Are There Emergency Dental Services Available in Calgary?

Emergency Dental Services

Whether it’s pain in your tooth, a knocked out tooth or an oral infection, there are many situations that call for immediate attention from a dental professional. If these issues aren’t addressed immediately, they can grow into more serious problems that can require costly procedures to treat. Luckily, there are emergency dental services available in Calgary to help you deal with these situations.

Generally, a dental practice that offers general or family dentistry services can also offer emergency dental services. These are often offered at a lower cost and can be more convenient for the patient. Some practices even have after-hours services to meet the needs of patients who need urgent care.

dental calgary emergency services can include anything from broken teeth, oral infections and pain relief to broken dentures and root canals. In most cases, these services aren’t covered by dental insurance. While these services aren’t always necessary, it’s important to know what to do if you have any kind of dental emergency.

Are There Emergency Dental Services Available in Calgary?

Toothaches are the most common dental emergencies, and they’re usually due to a cavity, cracked or loose teeth, or chewing something that doesn’t agree with your mouth. While most of these cases can be handled at home with over-the-counter pain relievers, it’s important to see a dentist right away.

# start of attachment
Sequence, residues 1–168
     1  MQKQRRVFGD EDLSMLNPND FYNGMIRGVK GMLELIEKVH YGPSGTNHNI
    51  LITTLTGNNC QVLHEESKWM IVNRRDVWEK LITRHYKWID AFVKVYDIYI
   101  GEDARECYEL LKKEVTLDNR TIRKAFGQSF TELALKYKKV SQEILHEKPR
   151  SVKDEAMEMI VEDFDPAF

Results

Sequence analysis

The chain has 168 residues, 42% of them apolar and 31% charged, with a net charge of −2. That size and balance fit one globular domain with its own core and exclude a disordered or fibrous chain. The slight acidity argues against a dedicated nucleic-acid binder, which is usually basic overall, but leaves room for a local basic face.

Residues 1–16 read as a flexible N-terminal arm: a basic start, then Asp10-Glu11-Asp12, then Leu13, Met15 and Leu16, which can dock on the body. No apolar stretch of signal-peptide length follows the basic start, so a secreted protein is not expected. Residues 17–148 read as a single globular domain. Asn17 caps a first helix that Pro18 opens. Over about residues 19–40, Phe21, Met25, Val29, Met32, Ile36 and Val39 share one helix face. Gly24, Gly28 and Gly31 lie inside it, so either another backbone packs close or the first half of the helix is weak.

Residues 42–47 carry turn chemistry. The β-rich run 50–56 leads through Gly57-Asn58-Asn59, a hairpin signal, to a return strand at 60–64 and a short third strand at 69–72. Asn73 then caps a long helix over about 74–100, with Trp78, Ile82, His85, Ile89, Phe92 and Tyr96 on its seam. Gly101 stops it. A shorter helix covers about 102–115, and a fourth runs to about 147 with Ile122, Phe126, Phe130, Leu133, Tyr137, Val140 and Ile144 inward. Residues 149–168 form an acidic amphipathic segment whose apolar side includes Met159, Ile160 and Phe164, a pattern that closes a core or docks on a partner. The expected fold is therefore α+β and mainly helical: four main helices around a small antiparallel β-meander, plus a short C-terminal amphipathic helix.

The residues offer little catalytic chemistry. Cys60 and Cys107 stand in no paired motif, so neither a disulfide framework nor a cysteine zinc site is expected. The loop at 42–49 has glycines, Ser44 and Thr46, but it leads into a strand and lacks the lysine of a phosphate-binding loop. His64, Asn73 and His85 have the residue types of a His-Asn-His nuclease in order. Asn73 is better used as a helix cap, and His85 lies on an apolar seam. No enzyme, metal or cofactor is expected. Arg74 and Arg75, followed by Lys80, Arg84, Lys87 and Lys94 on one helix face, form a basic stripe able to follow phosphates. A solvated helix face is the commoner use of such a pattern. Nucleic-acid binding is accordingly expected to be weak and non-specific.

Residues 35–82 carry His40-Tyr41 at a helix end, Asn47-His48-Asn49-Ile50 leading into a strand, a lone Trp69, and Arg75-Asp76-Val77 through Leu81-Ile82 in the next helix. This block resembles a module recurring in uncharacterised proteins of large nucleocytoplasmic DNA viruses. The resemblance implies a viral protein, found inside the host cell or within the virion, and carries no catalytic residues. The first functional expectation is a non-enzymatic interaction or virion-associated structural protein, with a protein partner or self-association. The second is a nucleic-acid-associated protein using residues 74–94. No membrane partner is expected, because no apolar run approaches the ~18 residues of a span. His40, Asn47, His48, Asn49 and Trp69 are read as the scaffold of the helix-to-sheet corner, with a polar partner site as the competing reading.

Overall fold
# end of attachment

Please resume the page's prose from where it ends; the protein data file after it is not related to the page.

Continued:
Other emergencies include broken or chipped teeth, cracked or fractured jaws, bleeding gums, damaged or lost fillings and crowns, and nerve damage in the root of the tooth. In many of these cases, the pain will increase over time, so it’s important to visit an emergency dentist as soon as possible. Taking a chance to ignore these early warning signs can lead to more significant damage and higher costs. That’s why it’s crucial to find an emergency dental clinic that can treat your concerns quickly and efficiently.

If you have a knocked out tooth, see an emergency dentist as soon as possible (within an hour of being injured) and try to save the tooth by holding it by the crown (chewing surface). Rinse the tooth with water if necessary, but be careful not to scrub it or remove any attached tissue fragments. Then, place the tooth back into its socket without forcing it or biting down too hard. If the tooth can’t be reinserted, store it in milk or a cup of water that contains a pinch of table salt until you can get to your dentist.

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